On 25 October, the City of Johannesburg tweeted that it had been the victim of a network breach, where it was forced to shut down various systems including its website, e-services, and billing systems.
Business Day reported that a ransom note, sent by Shadow Kill Hackers, demanded 4 bitcoin (about R435,000) before 28 October, or else it would upload the sensitive data online.
Nearly two weeks later, the City of Johannesburg’s website is offline and its call centre is unreachable, leaving residents unable to register for e-services or receive their bills.
The city has responded to complaints on Twitter, confirming that its systems are “temporarily down” – but there has been no further information about the cause of the outage or how long it will last.
According to MyBroadband, attempts to call City of Johannesburg hotlines reportedly “resulted in callers being told that the number does not exist, while attempts to access the City of Johannesburg’s website are unsuccessful.”
It is unclear whether the website’s current downtime is linked to the Shadow Kill Hackers’ cyber-attack.
By Emma Beswick for EuroNews
Anonymous hackers have brought the US city of Baltimore to its knees by seizing control of government computers, demanding bitcoin in return for releasing their hold over the systems.
A ransomware attack was discovered on May 7, with the city taking down online systems and services in an effort to contain it.
While the attack took place two weeks ago, the city’s mayor, Bernard Young, is refusing to pay the requested sum, leaving officials unable to process parking tickets among other administrative functions.
He warned that it could take months for normal service to be resumed.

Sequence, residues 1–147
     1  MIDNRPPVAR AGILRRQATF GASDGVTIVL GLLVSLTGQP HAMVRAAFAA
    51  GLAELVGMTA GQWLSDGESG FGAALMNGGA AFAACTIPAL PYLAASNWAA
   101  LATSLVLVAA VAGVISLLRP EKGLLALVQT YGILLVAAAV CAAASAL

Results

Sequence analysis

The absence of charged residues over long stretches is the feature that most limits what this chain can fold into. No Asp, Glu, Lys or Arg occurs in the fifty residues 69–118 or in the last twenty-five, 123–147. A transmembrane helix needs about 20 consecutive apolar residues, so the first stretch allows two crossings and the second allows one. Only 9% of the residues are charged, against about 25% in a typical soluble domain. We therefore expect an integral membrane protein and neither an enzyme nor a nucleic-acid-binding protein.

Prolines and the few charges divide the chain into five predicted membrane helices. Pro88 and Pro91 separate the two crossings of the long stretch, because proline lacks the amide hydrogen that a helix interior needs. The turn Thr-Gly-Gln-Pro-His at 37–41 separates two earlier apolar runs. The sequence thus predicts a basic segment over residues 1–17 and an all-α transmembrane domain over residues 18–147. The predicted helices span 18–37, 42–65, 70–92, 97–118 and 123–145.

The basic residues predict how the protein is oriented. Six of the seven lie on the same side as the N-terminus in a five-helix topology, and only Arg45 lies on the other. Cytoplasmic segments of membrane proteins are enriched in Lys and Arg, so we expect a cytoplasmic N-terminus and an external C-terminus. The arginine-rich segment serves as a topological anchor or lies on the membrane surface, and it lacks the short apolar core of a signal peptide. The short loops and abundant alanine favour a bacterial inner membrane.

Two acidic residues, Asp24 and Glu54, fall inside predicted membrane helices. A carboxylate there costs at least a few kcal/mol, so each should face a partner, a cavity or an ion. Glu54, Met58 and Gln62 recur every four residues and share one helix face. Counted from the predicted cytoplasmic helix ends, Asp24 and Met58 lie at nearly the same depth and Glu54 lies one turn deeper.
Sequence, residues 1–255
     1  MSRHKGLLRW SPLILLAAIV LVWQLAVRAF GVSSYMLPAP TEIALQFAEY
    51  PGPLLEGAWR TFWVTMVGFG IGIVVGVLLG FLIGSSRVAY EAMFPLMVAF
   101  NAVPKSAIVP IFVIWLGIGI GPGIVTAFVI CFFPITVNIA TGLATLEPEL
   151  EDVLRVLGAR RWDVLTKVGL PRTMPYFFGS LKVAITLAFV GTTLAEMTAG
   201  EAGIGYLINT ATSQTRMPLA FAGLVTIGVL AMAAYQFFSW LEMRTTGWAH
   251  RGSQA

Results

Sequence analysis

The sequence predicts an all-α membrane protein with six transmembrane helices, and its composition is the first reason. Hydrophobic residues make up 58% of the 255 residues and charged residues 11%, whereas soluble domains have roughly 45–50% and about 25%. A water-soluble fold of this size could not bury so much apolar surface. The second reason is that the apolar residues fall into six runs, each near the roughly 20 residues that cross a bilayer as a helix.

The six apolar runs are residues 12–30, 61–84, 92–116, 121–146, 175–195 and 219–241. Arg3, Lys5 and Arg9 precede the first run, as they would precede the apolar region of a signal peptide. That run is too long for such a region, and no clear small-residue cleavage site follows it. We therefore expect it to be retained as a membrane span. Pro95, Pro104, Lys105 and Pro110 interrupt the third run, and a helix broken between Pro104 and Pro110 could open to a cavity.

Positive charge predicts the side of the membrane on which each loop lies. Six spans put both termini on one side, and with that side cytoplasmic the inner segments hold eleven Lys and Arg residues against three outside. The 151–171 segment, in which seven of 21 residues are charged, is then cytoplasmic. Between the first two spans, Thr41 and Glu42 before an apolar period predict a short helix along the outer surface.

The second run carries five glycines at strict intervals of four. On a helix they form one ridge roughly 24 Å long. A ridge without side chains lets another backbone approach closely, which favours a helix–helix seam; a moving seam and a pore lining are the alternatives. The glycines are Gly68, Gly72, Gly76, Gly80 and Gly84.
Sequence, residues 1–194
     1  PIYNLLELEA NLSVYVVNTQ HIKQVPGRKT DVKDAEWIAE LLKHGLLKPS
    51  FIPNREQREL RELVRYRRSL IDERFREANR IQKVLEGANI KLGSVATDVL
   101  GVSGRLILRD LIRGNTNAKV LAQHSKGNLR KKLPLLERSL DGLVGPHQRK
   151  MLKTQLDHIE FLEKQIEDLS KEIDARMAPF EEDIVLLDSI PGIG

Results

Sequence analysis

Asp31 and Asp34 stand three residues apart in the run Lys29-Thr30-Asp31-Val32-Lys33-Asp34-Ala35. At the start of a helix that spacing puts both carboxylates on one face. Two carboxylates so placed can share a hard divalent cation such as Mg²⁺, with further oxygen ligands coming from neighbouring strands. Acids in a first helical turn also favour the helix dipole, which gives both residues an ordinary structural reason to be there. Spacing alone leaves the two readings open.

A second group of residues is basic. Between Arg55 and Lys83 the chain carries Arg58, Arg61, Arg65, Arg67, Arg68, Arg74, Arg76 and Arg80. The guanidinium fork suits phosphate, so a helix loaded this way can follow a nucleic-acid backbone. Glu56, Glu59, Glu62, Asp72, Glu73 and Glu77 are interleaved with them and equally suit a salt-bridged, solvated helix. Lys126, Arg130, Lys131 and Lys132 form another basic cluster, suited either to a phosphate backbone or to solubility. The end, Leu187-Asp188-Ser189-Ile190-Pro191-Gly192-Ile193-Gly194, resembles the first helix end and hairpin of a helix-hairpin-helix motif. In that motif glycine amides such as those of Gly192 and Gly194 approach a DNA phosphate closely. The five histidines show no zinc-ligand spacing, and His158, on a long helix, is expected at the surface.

“Like any large enterprise, we have thousands of systems and applications. Our focus is getting critical services back online, and doing so in a manner that ensures we keep security as one of our top priorities throughout the process,” Young said in a statement.
The city’s emergency services have not been affected.
The hackers demanded 13 bitcoins — worth around R1,4-million — to remove the file-locking virus, according to a ransom note obtained by the Baltimore Sun.
“We’ve (been) watching you for days and we’ve worked on your systems to gain full access to your company and bypass all of your protections,” it read. “We won’t talk more, all we know is MONEY! … Hurry up! Tik Tak, Tik Tak, Tik Tak!”
The city remained unable to send or receive emails at the time of writing.
A similar cyber attack hit Atlanta last year, according to NBC, costing millions to recover damage, while Greenville in North Carolina was targetted in April.
As many as 25 local governments have been attacked by hackers this year, the media added, citing analysts.